Get a 16mm socket as cheap as you can because you are going to wreck it, or use an old one if you have spares.
    You need a piece of 4mm steel bar about an inch wide, and about 5 inches long.
    You will also need a 17mm bolt and two nuts.
    Get the socket in a vice, and with an angle grinder, cut it just above the hex.
    You would be best with a 12 point socket as a 6 point may not give to the correct positioning on the bolt.
    This is about a 1/2 inch drive socket, if you use 3/8 drive, you may not have to cut it.
    Try and cut it at a bit of an angle, its not vital, but the bolt is angled so it just lets the tool sit better.
    Now, you have to weld the socket to the bar, if you cut it at an angle, put the taller bit to the end.
    When you have done that to your satisfaction, drill a hole in the other end big enough for the bolt to pass through.
    Put the two nuts onto the bolt, screw them up all the way, and tack weld them together.
    Drop the bolt into the hole in the bar, opposite side to the socket, and weld the two nuts to the bar.
    Line the bolt head as good as you can with the top nut, it just gives an extra bite when you are using the tool.
    turn it all upside down, cut the bolt so there is about a quarter of an inch sticking proud of the bar, and weld it all together.
    Thats it! all you have to do now is put the tool onto the top bolt, use a 17mm socket on long extension bars to clear everything under the bonnet, I have sports manifolds on my car, and the bolt would not come out of the metal mounting, bear this in mind when you are building the mount back up, if you screw the matal part up without putting the bolt in the hole first, you may not be able to get it in, meaning you will have to take the metal mount out again, and that looks lake a bit of a beast of a job with the manifold in place.
    Your engine should now be sat on the mount, dont forget to remove the 13mm bolt underneath.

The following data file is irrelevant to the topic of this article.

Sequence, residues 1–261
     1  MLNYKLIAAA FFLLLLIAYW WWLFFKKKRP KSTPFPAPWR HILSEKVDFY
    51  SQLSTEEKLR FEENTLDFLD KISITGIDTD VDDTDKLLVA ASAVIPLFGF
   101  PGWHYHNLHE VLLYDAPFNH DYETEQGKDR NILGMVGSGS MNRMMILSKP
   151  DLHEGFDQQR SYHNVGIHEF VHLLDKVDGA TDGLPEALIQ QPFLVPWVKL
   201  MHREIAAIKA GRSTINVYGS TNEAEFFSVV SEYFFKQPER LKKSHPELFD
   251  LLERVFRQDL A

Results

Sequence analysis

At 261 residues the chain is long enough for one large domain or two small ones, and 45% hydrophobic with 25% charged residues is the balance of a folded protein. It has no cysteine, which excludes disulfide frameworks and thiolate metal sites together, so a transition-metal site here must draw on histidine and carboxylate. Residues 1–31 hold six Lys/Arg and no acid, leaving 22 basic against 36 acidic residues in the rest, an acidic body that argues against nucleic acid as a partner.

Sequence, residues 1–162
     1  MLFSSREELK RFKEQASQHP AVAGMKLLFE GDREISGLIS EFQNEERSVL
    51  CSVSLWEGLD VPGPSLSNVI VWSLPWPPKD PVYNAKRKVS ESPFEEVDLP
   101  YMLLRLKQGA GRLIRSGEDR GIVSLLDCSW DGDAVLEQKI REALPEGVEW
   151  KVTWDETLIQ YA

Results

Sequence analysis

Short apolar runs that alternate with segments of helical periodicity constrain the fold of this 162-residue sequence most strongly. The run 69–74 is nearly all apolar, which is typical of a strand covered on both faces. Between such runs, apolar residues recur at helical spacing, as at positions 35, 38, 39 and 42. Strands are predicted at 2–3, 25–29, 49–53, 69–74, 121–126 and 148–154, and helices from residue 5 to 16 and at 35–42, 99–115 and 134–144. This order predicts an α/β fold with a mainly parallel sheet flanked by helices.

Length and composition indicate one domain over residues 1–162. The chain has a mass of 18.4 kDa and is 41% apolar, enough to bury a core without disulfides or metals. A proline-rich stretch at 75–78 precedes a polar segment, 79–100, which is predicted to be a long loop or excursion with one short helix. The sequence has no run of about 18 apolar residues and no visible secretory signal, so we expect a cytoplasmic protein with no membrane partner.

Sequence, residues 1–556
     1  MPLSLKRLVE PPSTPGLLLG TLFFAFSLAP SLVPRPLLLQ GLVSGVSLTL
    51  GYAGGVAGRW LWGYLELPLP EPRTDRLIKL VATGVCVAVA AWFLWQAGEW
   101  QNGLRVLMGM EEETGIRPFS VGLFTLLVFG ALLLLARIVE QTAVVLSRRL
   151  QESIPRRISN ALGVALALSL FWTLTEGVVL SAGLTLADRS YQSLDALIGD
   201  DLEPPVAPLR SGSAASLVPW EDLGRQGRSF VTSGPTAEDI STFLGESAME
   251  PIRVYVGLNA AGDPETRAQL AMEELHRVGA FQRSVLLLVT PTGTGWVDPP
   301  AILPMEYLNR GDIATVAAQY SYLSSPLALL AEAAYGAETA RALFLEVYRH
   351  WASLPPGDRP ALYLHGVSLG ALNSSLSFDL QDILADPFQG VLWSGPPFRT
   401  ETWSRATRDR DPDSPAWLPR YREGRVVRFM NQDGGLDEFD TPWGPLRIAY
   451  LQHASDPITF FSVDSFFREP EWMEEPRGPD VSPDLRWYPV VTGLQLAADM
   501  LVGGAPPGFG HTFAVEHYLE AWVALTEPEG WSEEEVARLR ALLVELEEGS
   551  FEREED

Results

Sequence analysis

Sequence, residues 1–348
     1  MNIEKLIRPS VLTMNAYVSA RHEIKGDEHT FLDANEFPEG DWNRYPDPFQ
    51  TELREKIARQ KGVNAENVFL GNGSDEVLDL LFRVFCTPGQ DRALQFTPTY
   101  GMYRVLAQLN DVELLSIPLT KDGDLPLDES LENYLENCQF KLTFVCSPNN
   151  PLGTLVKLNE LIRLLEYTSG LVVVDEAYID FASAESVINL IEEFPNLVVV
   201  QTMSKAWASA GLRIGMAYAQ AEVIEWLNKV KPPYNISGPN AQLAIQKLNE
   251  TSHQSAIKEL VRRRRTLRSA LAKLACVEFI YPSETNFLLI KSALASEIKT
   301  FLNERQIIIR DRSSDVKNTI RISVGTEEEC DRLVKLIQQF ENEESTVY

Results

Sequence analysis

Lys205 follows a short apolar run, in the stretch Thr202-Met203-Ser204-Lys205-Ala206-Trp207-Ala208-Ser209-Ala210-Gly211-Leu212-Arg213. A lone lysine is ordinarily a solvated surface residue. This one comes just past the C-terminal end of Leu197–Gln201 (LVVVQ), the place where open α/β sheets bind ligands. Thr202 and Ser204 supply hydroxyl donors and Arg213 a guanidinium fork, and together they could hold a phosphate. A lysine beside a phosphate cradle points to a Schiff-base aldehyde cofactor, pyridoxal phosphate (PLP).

Next, jack the engine up, it needs to go up a fair old way, I used a bottle jack to do this.
    That leaves the mount free to move.
    Next problem is how to get it out, I was lucky in that my radiator fan and cowl were not on the car, so the mount slid out under the alternator and up the front, but you may have to find an alternative route.
    As far as the torque settings are concerned, you are not going to be able to torque that bolt properly with the exhaust manifold in place, so you can either torque up the bolt with a lower setting to take into consideration the extra length of the leverage on the bolt, or you can do what most people would do, which is just tighten it to where you know it isnt going to come out, it only has forces in one direction on it, doesnt have any fluids to keep in place, and has no rotation to deal with, so the torque setting isnt as vital as a lot of other parts in the car.
     
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  7. OP
    OP
    DRBC43AMG

    DRBC43AMG Hardcore MB Enthusiast

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    Location:
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    99' C43 AMG "T Rex", 00' Renault Twingo1, Ultima Sports Can-Am
    Many thanks for the detailed explanation :cool:

    I managed to remove the engine rubber mounts without too much of a hassle, the only difficult part was loosening the top bolt from the side the engine mount was not broken. With a angled ring spanner and a breaker bar I managed to do the job. On the broken engine mount I just removed the lower bolt and slid everything out in one go, after having jacked up the engine to free up some space.
    Getting everything back in was relatively simple and I tightened the top bolt as best as I could with some liberal use of blue loctite. Hopefully the two upper bolts are not going anywhere soon.
    As an upgrade, I installed new rubber mounts used for a W210 E55K. The old ones were really compressed and the rubber seriously cracked. The new ones make a great difference on the road, the front end giving a much more planted feeling than before.

    _20180912_121027.jpg